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New Firmware
#11
(09-18-2015, 11:05 PM)ahok83 Wrote:  thanks for the reply
of course I did everything that you described, but when I connect evic vtc mini the installer stop running and don't show the firmware info,when I unplug evic installer show me that error!
https://www.dropbox.com/s/dwrezkzlypy9rwv/evic.png?dl=0
This is an image of the error, it seems that the evic is not recognized!

Sounds like the problem I had on Windows 10:

First try the software sees the VTC and displays its current firmware, but freezes when clicking to upgrade, then can't even see or communicate with the VTC on further tries. In my case unplugging then removing the battery from the VTC and putting it back in before another try made the software display the firmware version again, but still froze it when clicking to upgrade. Is it like that for you too ?
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#12
I just had a thought, whilst the evic is off, tap the fire button twenty times and advise what the firmware version is please?

Thanks

Madboy
eVic VTC Mini & eGo ONE Mega VT Atomizer Tank


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#13
thx..removing the battery, the device is recognized again, but now I always have the problem of freeze EVIC installer .. I tried to download it again, and run it in compatibility mode, but it does not work, wait for a new version?
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#14
I finally resolved, I updated the device without connecting battery!
Thanks for all your advice!
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#15
Oh wow. Never thought of not putting the battery in. Glad it is sorted.

Madboy
eVic VTC Mini & eGo ONE Mega VT Atomizer Tank


[Image: ?banner=12926]
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#16
Am I mistaken or does the Current display shows the Amps on the atomizer side ? At least when I tested it in Power mode and used Ohm's law with the indicated voltage I was getting the Watts output. What we need is the Amps on the battery side to know the discharge rate the battery gets.

In case you wonder what I mean, the chipset (like all mods chipsets) is a DC-DC converter. It converts the Amps and Volts from the battery to the Amps and Volts needed to achieve the required power with the resistance. The battery itself has a fixed voltage output that can't be changed, it just goes down as the battery discharges, and the chipset draws more or less Amps from it depending on the power needed. If you're curious you can see the current battery's voltage by turning off the VTC (clicking 5 times), then long pressing both fire and - buttons.

An example for the geeks around: using Ohm's laws (Ohms = Volts / Amps, and Watts = Volts x Amps), with a resistance of 1 ohm and a power output of 25W, the atomizer needs 5 Volts and 5 Amps. Now let's say that the battery's voltage is 3.5 for example, it needs to draw enough Amps to provide the 25W, so using the second law I listed, Amps = 25 Watts / 3.5 Volts = 7.14 Amps. It's the actual drain on the battery, and as you can see it's different than the Current output on the atomizer side of the converter.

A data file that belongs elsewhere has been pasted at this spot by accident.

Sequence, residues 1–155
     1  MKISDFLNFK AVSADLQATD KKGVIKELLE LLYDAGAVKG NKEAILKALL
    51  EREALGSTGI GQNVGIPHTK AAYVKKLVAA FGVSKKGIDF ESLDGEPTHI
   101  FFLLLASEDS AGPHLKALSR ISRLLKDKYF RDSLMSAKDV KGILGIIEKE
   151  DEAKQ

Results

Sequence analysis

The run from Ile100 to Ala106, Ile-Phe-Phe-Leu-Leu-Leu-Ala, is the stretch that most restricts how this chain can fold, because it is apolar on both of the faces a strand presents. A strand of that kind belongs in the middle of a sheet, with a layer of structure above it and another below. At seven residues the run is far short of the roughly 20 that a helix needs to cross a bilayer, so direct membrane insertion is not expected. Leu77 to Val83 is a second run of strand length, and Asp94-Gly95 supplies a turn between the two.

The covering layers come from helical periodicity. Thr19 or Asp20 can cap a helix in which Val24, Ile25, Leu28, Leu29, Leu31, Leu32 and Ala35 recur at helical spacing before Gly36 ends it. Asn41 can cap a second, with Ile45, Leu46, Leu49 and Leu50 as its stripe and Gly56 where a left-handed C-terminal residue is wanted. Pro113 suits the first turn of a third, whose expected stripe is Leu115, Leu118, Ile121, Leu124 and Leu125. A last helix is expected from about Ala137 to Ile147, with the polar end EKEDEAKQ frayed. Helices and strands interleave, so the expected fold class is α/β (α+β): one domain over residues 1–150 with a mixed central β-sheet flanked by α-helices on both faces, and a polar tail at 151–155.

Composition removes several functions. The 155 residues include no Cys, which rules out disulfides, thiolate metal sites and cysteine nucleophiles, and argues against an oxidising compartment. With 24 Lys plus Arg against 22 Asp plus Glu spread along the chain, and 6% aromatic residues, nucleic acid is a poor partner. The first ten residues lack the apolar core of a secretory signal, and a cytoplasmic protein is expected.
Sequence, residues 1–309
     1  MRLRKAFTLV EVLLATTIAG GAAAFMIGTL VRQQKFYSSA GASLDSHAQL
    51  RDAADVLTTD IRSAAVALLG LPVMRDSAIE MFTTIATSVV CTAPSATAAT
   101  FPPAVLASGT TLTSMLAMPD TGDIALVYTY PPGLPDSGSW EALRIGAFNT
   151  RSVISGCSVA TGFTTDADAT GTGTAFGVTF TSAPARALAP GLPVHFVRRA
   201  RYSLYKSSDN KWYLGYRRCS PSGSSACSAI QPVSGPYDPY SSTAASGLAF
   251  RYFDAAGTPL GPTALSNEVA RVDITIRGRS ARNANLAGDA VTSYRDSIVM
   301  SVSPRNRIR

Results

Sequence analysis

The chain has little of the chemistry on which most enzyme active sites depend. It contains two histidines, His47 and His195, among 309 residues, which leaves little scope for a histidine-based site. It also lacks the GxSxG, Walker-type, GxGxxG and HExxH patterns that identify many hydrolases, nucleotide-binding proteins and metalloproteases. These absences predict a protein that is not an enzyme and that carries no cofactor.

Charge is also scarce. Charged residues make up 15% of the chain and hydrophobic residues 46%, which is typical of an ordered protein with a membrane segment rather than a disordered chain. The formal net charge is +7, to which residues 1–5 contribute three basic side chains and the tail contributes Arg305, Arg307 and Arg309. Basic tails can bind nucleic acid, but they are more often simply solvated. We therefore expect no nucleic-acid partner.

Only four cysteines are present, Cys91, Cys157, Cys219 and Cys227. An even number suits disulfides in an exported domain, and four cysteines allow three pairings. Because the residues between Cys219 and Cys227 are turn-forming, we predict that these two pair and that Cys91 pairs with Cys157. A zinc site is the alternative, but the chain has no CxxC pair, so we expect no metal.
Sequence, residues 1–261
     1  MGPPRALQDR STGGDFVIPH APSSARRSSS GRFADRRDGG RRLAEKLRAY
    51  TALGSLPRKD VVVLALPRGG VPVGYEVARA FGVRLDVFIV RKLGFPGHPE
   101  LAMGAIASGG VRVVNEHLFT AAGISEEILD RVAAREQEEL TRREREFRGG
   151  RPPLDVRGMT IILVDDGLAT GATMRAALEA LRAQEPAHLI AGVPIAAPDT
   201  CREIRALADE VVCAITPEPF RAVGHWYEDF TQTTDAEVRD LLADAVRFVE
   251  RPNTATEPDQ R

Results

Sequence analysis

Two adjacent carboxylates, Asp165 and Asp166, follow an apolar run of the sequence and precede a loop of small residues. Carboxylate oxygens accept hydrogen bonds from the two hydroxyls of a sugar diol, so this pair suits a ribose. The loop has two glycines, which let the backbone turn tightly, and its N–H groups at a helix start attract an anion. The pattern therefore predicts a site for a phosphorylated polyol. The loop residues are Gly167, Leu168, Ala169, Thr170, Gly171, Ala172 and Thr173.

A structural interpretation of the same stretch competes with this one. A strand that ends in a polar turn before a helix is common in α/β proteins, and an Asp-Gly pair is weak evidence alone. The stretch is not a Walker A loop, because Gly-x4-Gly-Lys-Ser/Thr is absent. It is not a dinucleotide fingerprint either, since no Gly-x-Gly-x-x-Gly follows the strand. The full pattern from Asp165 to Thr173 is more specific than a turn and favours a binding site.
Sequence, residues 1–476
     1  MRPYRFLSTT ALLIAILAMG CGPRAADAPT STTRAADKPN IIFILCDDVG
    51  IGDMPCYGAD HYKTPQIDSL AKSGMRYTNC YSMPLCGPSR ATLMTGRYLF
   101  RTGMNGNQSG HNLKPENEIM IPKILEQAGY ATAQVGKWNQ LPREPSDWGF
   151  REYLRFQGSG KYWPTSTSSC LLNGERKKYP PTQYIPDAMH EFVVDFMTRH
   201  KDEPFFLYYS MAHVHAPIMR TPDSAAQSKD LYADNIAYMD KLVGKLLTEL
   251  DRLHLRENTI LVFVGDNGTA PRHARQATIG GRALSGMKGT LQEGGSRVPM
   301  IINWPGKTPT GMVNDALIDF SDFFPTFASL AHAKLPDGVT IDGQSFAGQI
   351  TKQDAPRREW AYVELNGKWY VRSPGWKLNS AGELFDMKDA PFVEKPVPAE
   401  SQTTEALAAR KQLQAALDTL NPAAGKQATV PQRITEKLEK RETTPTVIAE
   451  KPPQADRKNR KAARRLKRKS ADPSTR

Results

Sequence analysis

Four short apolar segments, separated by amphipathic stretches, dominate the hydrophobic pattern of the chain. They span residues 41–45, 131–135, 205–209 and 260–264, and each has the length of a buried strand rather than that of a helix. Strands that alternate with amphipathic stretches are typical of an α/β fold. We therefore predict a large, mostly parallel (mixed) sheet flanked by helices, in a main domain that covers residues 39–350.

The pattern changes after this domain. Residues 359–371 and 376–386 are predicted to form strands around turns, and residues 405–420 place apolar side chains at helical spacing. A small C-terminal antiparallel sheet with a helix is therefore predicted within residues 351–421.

It is probably easy to do as the device knows the battery's voltage and the power output, and would be much more usefull.
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#17
(09-27-2015, 06:34 PM)Llama Wrote:  Am I mistaken or does the Current display shows the Amps on the atomizer side ? At least when I tested it in Power mode and used Ohm's law with the indicated voltage I was getting the Watts output. What we need is the Amps on the battery side to know the discharge rate the battery gets.

In case you wonder what I mean, the chipset (like all mods chipsets) is a DC-DC converter. It converts the Amps and Volts from the battery to the Amps and Volts needed to achieve the required power with the resistance. The battery itself has a fixed voltage output that can't be changed, it just goes down as the battery discharges, and the chipset draws more or less Amps from it depending on the power needed. If you're curious you can see the current battery's voltage by turning off the VTC (clicking 5 times), then long pressing both fire and - buttons.

An example for the geeks around: using Ohm's laws (Ohms = Volts / Amps, and Watts = Volts x Amps), with a resistance of 1 ohm and a power output of 25W, the atomizer needs 5 Volts and 5 Amps. Now let's say that the battery's voltage is 3.5 for example, it needs to draw enough Amps to provide the 25W, so using the second law I listed, Amps = 25 Watts / 3.5 Volts = 7.14 Amps. It's the actual drain on the battery, and as you can see it's different than the Current output on the atomizer side of the converter.

It is probably easy to do as the device knows the battery's voltage and the power output, and would be much more usefull.

I'm with you on this (http://social.joyetech.com/showthread.php?tid=2339).
Also there's certainly some power loss that hopefully would be taken into account. I don't think the VTC can measure battery current by means of hardware, but a correct calculation in software would at least provide something useful.
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